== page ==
Welcome Lothar Matthaus
Meet Fourfourtwo’s new columnist. Here, the former Bayern and Germany star reveals his love of the English game, idolising Kevin Keegan and losing to ‘that team in green and yellow’
The first English player I remember really looking up to was Kevin Keegan. I grew up as a fan of Borussia Monchengladbach and he was a star of the Liverpool team that had beaten them in the 1977 European Cup Final. I wasn’t too happy, but then he signed for Hamburg and became a big star in Germany. Soon I became a player at Monchengladbach and, for a young boy, it was a great moment to play against a superstar like him.
Later on I’d play in the 1990 World Cup semi-final against Chris Waddle – a very good player – and, of course, Paul Gascoigne. He was so good for football and I am always happy to see him when we bump into each other. After our careers finished we had two or three charity games: Paul playing for England, me playing for Germany. For sure with him, you always have fun in the evening afterwards and you have to have a drink! On the field I think I was a better player, but at the party after the game he was better than everybody! It’s a pity he’s had some problems in recent years and I wish him only the best.
During my career, I came to England to play against Aston Villa with Inter Milan, and with Bayern Munich against Nottingham Forest, Everton and the team in the green and yellow shirts, Norwich – we lost to them… The atmosphere at the stadiums in England was completely different to Germany – more noise, and the fans were closer to the pitch, because at that time we had running tracks around many of the pitches in Germany. At Bayern we’d play games at the Olympiastadion but sometimes we played in front of 15,000 people – it only sold out if it was Real Madrid. It was different when you played in England. The stadiums were full and I always enjoyed it.
There’s a lot of interest in English football in Germany today, too, and even more so because of Jurgen Klopp – Sky Germany had a special contract with Liverpool last season, televising their matches. I know Jurgen – he’s an emotional man and, above all, he has a great heart. Players have to be 100 per cent fit to play in his system, because the gegenpress is designed to give opponents no time to recover. But he has the character to push the team at crucial moments, like he did at Borussia Dortmund. Everybody can be a coach, but you have to understand the mentality of players. Jurgen does.
So too does Jose Mourinho, a manager I’ve always liked a lot – I would have enjoyed playing under him. I managed Partizan Belgrade against Porto in 2003 – my first Champions League game, and one of his first Champions League games, too. We’d beaten Newcastle and Alan Shearer in qualifying, and Real Madrid were the big team in the group. Porto were not such a big name, but they won the trophy that season and I’ve respected Mourinho ever since. Sometimes he provokes people, but everything is for a reason – he only wants the best for the club. I’ve heard from some players who played under him and they all speak well of him, whether they were in the team or not. That says a lot – many players hate their manager when they’re not playing, but not those I’ve spoken to about Mourinho. Pep Guardiola’s style is different, but he always makes a team better – he was very good at Barcelona and good at Bayern Munich, too. He could not just go into Manchester City and completely change results, he needed time to bring in new players, which he has done again this summer. His dream is surely to win the Premier League and even the Champions League there – and when you see the money, the players and the name of the coach, you can’t accept fifth and the Champions League quarter-finals. But Pep is not alone, as six teams believe they can win the league. Despite that, the Premier League hasn’t had quite as much success in the Champions League as the Bundesliga recently, and perhaps not having a winter break is a reason – it is crazy, but I like the tradition too. There is a four-week break in Germany, four less games and no League Cup. With time to recharge, maybe it makes a big difference at the end of the season? But the one thing we do miss in Germany is that competition for first place – there’s only one club, maybe two, who can win the Bundesliga. In the Premier League it’s different: that’s why people in Germany also follow English football.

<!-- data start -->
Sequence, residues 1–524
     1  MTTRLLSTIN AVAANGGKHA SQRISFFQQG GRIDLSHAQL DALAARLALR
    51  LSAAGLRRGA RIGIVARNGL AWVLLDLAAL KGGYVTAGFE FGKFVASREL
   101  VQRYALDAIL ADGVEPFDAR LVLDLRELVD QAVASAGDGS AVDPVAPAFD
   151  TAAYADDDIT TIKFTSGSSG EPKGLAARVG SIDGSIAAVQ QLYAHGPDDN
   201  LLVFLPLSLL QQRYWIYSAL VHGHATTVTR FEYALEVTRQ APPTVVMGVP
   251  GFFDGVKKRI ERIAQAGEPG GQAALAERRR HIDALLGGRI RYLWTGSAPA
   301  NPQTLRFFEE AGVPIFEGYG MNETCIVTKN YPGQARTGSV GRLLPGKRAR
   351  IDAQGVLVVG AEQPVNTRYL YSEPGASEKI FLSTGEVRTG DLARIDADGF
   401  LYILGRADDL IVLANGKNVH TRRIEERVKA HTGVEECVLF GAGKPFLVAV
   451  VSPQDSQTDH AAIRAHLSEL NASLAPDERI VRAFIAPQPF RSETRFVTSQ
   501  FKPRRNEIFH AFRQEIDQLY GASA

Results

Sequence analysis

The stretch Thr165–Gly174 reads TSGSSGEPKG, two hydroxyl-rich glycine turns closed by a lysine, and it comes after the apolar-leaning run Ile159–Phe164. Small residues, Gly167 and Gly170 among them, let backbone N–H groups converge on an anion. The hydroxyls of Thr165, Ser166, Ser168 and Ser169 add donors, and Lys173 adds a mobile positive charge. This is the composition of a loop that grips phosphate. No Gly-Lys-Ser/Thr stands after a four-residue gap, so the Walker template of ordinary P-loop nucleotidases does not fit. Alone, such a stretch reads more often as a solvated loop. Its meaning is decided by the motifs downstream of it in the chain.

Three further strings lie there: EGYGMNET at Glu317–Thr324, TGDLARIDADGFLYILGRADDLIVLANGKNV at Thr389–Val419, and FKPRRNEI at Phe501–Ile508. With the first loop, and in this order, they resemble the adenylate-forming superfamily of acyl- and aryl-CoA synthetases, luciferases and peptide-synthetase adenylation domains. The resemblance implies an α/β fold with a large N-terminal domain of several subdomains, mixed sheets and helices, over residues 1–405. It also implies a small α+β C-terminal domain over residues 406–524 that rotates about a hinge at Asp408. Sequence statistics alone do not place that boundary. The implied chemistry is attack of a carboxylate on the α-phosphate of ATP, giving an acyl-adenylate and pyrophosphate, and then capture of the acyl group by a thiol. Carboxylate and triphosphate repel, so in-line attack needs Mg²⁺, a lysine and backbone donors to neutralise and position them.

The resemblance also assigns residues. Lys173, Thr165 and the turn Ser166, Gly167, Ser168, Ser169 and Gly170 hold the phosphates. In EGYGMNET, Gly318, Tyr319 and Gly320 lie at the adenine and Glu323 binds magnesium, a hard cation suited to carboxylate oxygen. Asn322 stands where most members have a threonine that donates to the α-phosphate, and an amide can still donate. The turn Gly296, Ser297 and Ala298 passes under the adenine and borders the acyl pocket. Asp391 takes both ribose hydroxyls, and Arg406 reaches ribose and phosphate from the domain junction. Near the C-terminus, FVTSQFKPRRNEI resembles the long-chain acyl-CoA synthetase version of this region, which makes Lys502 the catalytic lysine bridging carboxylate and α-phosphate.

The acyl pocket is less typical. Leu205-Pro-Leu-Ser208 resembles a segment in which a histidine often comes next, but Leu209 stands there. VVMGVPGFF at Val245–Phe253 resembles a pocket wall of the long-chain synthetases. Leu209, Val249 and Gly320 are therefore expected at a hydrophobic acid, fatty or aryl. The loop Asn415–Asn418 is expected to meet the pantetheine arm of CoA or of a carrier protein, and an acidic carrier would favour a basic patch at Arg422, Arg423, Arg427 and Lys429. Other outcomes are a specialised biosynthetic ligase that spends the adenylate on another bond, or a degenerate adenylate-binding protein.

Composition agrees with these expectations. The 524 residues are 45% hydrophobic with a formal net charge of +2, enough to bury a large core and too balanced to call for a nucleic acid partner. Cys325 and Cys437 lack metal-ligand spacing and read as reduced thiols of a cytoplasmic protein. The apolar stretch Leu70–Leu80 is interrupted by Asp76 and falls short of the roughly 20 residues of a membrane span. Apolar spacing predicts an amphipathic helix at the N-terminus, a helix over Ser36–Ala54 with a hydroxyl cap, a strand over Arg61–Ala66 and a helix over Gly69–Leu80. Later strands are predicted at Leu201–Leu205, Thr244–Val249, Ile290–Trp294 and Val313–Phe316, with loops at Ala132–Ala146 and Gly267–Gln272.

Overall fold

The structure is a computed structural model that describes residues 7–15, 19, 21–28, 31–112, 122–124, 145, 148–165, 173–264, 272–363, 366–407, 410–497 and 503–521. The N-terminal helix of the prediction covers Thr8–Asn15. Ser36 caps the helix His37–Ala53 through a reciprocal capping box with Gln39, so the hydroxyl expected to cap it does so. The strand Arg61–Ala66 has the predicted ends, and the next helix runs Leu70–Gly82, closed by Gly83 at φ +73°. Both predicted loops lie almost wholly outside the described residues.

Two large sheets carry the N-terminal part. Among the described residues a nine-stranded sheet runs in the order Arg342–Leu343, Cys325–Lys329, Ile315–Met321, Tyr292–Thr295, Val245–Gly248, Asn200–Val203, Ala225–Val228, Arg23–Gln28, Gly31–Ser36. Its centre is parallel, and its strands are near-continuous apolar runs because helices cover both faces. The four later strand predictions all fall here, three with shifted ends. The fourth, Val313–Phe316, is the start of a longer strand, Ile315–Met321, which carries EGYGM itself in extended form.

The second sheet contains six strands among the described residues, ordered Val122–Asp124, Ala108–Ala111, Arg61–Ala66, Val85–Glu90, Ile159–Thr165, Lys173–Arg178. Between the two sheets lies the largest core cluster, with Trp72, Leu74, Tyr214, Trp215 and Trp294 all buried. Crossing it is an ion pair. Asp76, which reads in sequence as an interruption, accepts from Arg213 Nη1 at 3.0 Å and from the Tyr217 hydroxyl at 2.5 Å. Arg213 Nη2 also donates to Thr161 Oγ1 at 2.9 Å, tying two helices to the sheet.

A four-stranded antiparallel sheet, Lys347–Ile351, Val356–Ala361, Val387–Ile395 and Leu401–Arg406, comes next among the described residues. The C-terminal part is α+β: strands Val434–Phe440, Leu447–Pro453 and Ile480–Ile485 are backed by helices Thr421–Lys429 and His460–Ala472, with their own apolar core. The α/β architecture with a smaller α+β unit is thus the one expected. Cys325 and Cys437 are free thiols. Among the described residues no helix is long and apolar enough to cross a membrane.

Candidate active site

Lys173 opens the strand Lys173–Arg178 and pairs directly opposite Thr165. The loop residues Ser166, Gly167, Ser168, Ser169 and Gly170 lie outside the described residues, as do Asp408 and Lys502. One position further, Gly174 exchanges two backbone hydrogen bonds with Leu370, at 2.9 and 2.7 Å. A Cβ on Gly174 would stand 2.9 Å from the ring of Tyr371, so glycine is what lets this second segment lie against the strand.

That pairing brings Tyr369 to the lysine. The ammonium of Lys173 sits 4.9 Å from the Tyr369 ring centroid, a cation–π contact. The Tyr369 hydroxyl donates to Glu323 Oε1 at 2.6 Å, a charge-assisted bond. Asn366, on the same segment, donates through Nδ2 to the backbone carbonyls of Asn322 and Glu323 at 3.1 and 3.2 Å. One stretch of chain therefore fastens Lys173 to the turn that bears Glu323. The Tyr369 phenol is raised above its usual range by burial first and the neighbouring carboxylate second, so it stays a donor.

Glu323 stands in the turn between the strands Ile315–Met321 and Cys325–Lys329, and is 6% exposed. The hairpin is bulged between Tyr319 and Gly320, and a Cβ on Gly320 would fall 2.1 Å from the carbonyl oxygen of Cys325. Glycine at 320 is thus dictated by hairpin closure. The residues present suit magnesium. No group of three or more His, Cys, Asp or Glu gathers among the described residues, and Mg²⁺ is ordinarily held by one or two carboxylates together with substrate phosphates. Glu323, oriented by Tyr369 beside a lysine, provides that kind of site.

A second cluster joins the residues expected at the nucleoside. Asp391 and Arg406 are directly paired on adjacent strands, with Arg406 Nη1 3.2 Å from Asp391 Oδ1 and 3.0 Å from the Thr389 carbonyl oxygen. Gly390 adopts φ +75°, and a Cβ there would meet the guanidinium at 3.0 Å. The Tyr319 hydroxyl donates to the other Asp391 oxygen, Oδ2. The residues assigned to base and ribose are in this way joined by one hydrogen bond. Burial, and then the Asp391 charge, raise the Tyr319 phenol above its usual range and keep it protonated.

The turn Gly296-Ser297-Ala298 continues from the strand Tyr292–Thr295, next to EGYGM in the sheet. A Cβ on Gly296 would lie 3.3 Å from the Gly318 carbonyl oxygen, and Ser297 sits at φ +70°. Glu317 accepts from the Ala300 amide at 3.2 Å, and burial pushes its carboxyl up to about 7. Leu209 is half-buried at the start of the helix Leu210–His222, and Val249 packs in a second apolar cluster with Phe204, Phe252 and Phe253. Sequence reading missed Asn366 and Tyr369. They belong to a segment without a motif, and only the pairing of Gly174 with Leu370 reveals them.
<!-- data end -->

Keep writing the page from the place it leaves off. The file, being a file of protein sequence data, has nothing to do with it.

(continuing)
“THERE’S A LOT OF INTEREST In ENGLISH FOOTBALL In GERMANY TODAY BECAUSE OF JURGEN KLOPP... HE’S An EMOTIONAL MAN AND, ABOVE ALL, HE HAS A GREAT HEART”